Ever since she used the Firebird, her parents’ invention, to cross into alternate dimensions, Marguerite has caught the attention of enemies who will do anything to force her into helping them dominate the multiverse—even hurting the people she loves. She resists until her boyfriend, Paul, is attacked and his consciousness scattered across multiple dimensions.
Marguerite has no choice but to search for each splinter of Paul’s soul. The hunt sends her racing through a war-torn San Francisco, the criminal underworld of New York City, and a glittering Paris where another Marguerite hides a shocking secret. Each world brings Marguerite one step closer to rescuing Paul. But with each trial she faces, she begins to question the destiny she thought they shared.
Man, I was so happy to dive back into this inter-dimensional adventure once again. I had loved A Thousand Pieces of You very much – with its romantic subplot against a multiverse background. The idea of destiny and soulmates was something very strongly felt by Marguerite in the first one, and this one is about shattering those illusions of people in different universes. Marguerite is, once again, traveling through dimensions, this time hunting down the parts of Paul’s consciousness. She has finally caved to Triad’s games and has to play their puppet to save the lives of Paul and Theo. In doing so, she also comes across so different versions of the people she knew, she starts questioning things about souls.
Just a few days before I took up this book and was planning to, you know, start reading, I was ruminating on A Thousand Pieces of You, and wondering about the nurture vs nature argument in terms of multiverses (it’s the scientist in me, okay?). And then I was reading this book and it was like Gray sent the answers to my existential question. You see, Marguerite continues to believe that all the lives across the dimensions are the same, having the same base consciousness, or soul if you would call it. The fact that they are evil or good, is also part of their base consciousness. Finding some versions of Paul who are in love with her, some who are slightly twisted versions of the one she knew, as well as knowing other versions of Theo and herself, and other realities where she doesn’t choose the same guy puts a big question mark on her destiny theory, that she and Paul are meant to be, in every dimension. What she didn’t take into account was a person’s experiences, the choices they make, the free will that even destiny can’t shape – you end up with people distinct from each other, individuals in their own right.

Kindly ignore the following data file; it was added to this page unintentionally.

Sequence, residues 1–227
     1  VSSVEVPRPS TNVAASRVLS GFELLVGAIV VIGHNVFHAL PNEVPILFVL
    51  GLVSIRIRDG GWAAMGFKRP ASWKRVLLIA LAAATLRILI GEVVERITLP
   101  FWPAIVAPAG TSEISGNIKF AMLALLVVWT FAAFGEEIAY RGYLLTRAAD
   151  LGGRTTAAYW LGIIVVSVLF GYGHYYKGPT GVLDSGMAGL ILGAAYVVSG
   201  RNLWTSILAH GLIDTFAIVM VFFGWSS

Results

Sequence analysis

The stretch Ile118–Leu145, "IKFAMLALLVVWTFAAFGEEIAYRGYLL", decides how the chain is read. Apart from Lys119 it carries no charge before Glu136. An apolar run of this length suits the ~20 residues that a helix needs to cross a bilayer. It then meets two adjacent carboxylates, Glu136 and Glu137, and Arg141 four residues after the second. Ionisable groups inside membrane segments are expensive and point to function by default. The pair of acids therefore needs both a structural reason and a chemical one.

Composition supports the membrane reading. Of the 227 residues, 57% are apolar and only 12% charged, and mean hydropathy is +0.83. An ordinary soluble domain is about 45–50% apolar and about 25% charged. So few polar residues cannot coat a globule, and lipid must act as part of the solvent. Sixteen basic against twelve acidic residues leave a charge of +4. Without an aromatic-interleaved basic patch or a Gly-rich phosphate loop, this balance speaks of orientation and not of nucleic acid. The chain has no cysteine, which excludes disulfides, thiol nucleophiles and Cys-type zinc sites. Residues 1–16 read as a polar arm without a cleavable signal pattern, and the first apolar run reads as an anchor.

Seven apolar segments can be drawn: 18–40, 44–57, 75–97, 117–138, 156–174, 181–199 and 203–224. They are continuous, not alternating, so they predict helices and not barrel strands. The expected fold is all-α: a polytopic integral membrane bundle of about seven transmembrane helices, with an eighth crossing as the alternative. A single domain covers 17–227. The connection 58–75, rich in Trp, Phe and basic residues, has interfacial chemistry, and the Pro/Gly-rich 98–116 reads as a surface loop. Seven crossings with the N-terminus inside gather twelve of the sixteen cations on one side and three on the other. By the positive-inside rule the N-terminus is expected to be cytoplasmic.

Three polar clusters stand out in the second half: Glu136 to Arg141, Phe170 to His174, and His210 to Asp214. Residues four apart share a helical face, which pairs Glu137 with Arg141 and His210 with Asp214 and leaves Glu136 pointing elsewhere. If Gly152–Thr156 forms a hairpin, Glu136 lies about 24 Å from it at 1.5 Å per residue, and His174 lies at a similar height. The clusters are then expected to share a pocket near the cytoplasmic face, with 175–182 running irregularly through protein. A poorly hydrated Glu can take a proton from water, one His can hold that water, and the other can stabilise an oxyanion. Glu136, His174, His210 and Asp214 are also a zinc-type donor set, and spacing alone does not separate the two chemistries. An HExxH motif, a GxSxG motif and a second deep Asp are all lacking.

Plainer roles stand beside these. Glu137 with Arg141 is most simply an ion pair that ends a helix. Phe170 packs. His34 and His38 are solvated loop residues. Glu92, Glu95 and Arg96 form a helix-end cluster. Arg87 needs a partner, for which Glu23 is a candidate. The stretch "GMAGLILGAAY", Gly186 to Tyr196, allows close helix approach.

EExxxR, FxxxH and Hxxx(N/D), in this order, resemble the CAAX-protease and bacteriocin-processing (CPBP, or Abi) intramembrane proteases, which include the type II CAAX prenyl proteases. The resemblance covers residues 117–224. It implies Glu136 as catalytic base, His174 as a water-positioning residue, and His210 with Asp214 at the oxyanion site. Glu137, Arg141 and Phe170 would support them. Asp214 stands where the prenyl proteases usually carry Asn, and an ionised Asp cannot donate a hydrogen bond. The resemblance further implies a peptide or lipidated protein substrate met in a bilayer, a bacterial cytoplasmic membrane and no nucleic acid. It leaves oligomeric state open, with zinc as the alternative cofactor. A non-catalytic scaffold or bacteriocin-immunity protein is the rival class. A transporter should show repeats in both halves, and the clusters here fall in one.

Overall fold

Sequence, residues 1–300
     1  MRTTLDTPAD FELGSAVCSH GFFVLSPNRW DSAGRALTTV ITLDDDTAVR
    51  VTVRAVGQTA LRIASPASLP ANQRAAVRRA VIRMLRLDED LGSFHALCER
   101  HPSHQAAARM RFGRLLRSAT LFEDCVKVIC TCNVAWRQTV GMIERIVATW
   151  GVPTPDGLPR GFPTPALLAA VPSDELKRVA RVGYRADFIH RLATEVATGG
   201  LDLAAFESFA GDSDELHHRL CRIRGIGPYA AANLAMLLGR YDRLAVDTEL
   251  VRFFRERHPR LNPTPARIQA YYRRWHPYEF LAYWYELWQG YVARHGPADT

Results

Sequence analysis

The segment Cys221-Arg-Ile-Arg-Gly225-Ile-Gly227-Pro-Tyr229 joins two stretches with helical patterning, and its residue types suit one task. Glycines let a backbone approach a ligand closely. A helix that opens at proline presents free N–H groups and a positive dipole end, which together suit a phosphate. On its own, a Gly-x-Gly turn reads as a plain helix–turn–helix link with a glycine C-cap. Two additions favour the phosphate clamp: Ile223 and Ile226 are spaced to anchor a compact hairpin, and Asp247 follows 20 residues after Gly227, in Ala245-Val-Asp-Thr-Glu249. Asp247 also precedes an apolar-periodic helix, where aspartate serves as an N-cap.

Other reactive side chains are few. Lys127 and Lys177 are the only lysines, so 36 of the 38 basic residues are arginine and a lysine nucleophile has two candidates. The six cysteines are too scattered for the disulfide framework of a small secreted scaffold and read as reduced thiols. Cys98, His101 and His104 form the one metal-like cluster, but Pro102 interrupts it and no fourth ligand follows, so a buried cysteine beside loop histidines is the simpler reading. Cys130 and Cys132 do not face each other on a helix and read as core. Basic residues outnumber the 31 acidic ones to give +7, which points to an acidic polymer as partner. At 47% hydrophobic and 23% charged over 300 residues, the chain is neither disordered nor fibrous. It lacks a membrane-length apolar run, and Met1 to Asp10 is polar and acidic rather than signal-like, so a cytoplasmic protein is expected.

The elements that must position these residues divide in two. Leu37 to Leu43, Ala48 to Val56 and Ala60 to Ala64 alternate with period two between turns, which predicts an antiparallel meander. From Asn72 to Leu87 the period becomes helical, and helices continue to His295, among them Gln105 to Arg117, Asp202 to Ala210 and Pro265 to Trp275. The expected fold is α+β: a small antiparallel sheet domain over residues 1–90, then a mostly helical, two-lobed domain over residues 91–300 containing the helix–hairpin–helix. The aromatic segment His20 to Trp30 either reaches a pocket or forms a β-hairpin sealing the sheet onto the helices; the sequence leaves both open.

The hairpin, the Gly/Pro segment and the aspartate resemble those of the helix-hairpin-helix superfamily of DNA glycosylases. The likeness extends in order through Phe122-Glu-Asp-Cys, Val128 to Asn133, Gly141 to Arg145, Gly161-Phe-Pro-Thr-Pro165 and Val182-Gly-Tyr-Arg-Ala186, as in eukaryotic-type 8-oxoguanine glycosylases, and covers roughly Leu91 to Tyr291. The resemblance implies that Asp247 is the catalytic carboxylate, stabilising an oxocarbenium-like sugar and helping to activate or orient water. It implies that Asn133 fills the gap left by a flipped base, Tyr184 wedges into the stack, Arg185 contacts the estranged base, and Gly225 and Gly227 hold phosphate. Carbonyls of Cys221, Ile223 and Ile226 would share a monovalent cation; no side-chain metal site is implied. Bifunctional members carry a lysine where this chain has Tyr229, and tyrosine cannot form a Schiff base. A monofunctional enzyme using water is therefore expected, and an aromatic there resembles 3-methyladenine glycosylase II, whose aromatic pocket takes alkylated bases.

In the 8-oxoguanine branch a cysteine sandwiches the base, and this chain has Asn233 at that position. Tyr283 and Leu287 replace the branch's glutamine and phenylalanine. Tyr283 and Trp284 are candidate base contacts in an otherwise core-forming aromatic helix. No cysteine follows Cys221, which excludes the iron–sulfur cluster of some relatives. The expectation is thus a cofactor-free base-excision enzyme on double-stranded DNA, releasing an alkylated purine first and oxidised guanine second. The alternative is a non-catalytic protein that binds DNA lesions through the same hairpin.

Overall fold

The whole thing about individuality, while seeming to be based on the romance, also serves to make a point on the antagonists’ motivations. While that is strictly under spoilers, all I can say that Marguerite finds versions of her loved ones she never expected. The worlds she visits this time around are RenaissanceVerse, a WarVerse, a MafiaVerse, a HomeTriadVerse and also a brief sojourn in RussiaVerse (where some interesting questions about last book are also answered). And each of these worlds? So well constructed, and each with such well defined alternates of our characters. Theo makes a great addition this time, when he is not the diabolical spy from the other world, and also adds to the romantic tension, but in a very different way. Overall, this book was just as awesome an adventure as the last one, but with a really shocking ending.
Received a free galley from HarperTeen via Edelweiss; this does not influence my opinions or reviews.
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